Leather is one of the most resistant and versatile materials. That’s why it is commonly used for work boots that are exposed to harsh weather conditions, dust, mud as well as general wear and tear. Extremely flexible, the material is produced by tanning animal skin and rawhide, with the most common being cattle hide. Along with footwear for wear, it’s also commonly used to make furniture covering, clothes, accessories and even book-bindings.
Read on for a few tips that will help you care for your leather.
Look For Puncture Resistant Heels And Soles
If you’re planning on using your leather shoes under harsh conditions, it’s extremely important to pay attention to the type of heels and soles that it sports. Consequently, puncture-resistant soles are crucial if you’re planning on using your boots in areas littered with metal shavings, glass, nails and the likes. By the same token, the best way to protect your leather shoes in oily or wet surfaces is to ensure that they have slip resistant heels and soles.
Keeping It Away From Abrasives
The most important thing to remember about leather is that once damaged, it’s virtually impossible to repair it again. Consequently, you should be careful not to over-expose this material to abrasives in order to lengthen its lifespan. Still, bear in mind that the occasional scratches can still happen, even more so if you’re wearing shoes or boots for field work. In fact, some people actually prefer the look of rugged leather. However, if you’re not one of them, you can invest in particular creams or dressing to moisturize the material at least once every three months. This has been known to keep scruffs, dryness and cracks at bay.
Avoid Water And Dampness
According to Carolyn Forte from the Good Housekeeping Institute, allowing too much water to seep across leather is one of the worst mistakes most people tend to make. Avoid immersing your clothes, boots and other accessories in water to prevent any unnecessary wrinkling and shrinking. In addition, experts also recommend that you wipe your boots down after walking in the snow, but make sure not to rub them too hard or you might scrub off the color.
It’s also important to avoid vigorous cleaning: quite on the contrary, you should very gently rub in cleanser or mild soap on the material and allow it to sit for a few seconds before slowly wiping it clean. As far as drying is concerned, it’s always a good idea to let your items air dry so it stays as smooth as possible. Dampness has also been known to wreak havoc on leather: if you live in an area prone to humidity, for example, be sure to keep your shoes in its original box, away from windows and doors.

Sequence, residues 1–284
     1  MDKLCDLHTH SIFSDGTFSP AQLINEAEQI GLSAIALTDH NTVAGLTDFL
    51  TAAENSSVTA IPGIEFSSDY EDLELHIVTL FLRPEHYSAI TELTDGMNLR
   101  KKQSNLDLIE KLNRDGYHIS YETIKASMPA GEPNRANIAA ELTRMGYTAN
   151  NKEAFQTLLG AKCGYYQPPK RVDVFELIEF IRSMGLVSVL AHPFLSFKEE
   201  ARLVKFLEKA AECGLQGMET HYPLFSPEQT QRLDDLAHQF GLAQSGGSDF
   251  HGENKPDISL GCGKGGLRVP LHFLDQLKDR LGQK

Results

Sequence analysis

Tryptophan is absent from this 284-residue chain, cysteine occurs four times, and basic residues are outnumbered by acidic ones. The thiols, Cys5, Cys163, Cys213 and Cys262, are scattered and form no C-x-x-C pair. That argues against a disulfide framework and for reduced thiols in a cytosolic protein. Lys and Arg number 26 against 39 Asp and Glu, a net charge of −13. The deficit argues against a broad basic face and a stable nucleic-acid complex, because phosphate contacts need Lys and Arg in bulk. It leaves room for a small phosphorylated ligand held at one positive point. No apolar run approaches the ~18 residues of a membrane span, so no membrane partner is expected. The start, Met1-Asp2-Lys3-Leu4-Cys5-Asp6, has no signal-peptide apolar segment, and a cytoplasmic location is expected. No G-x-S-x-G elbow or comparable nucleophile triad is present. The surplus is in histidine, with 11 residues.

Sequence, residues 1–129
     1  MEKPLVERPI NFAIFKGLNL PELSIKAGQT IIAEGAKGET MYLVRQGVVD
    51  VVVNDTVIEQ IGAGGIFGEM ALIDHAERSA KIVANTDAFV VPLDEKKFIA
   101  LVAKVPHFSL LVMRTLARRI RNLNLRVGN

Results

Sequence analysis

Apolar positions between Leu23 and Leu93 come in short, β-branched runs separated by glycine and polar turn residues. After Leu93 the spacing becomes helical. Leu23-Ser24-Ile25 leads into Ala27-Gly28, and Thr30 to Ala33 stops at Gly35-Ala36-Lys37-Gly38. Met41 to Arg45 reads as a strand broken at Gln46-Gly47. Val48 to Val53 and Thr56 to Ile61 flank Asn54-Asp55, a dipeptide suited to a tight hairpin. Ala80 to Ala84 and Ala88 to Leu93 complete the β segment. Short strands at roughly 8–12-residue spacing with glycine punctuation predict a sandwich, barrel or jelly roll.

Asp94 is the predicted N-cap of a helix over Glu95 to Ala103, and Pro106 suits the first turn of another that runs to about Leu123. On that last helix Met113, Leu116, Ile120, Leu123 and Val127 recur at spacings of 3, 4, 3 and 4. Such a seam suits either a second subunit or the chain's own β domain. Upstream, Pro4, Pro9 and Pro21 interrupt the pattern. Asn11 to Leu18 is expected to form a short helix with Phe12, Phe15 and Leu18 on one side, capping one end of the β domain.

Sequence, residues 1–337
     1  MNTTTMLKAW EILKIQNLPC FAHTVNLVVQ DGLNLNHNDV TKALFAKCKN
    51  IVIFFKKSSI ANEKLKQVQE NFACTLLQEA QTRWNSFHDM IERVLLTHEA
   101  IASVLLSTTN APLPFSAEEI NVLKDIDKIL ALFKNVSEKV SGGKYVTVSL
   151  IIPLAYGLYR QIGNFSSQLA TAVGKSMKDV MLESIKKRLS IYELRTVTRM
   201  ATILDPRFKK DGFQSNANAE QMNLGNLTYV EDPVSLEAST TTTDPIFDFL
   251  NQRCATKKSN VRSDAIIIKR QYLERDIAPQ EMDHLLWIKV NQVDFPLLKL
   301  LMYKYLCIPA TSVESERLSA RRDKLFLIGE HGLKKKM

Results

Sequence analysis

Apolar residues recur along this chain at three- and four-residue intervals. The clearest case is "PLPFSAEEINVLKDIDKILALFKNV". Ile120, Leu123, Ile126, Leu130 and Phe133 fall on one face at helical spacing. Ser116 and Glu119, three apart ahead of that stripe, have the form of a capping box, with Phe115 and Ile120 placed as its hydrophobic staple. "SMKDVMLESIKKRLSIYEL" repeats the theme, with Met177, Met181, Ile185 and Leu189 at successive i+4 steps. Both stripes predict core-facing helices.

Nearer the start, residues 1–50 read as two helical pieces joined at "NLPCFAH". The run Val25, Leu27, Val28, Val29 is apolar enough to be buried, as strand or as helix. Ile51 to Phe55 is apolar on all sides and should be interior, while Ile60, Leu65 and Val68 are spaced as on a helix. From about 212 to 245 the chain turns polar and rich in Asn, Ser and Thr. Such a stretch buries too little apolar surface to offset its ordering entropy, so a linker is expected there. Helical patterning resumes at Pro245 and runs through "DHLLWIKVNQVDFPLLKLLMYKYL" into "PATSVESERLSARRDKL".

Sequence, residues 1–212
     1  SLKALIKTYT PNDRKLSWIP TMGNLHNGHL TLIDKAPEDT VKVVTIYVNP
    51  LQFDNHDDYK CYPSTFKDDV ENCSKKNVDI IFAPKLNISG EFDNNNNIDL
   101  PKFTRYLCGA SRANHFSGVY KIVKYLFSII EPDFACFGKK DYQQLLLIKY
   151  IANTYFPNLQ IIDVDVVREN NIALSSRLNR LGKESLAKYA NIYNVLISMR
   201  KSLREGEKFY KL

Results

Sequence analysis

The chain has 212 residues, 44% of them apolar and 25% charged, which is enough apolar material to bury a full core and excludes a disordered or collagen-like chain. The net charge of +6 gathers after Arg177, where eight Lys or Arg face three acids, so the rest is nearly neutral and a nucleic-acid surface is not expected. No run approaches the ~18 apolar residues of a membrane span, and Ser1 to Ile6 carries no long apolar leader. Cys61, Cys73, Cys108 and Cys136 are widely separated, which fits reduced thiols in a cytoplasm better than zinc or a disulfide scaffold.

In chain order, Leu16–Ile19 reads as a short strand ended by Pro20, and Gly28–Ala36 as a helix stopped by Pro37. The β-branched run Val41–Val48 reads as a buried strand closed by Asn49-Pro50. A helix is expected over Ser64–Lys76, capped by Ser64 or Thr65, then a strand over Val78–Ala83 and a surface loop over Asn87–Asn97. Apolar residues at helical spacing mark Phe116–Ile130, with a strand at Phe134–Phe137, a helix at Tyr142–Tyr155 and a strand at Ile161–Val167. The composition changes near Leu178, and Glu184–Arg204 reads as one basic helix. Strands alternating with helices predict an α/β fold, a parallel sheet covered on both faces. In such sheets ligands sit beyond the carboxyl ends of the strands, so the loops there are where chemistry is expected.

You can also invest in waterproofing waxes or sprays to create a protective barrier over your belongings. If using sprays, remember that less is always more- the last thing you want is to create a crusty surface on the leather.
Know Your Material
The best way to care for this material is to know the type you’re actually dealing with. Vegetable-tanned leather, for instance, is made from barks prepared from roots, fruits, leaves, wood and bark mills. Because this type of leather is more delicate, it should be protected from different types of weather conditions. In fact, vegetable-tanned material has been known to congeal and harden when exposed to overly hot climates, which is why it’s commonly used to make book-bindings. Historically-speaking, this type was also used in armor making.
Brain tanned and Formaldehyde leather, on the other hand, is far more soft and supple than its rawhide or vegetable-tanned counterpart. As a result, this type of material absorbs water more easily, therefore it’s best to avoid using it in snow or rain.
If your item gets severely soaked or wrinkled, the best way save it is to go for professional cleaning. Bear in mind that this might not always work but it’s your best chance at trying to restore your item to its former glory.
It’s always advisable to get your leather boots professionally cleaned at least once every two years in order to extend their lifespan and keep them in pristine condition. Along with professional cleaning, do try to wipe your leather item with a damp cloth once a week. Make sure that the cloth is only slightly damp and not completely wet. Adopt slow, gentle movements and take proper care to protect the surface from fingernail scratches.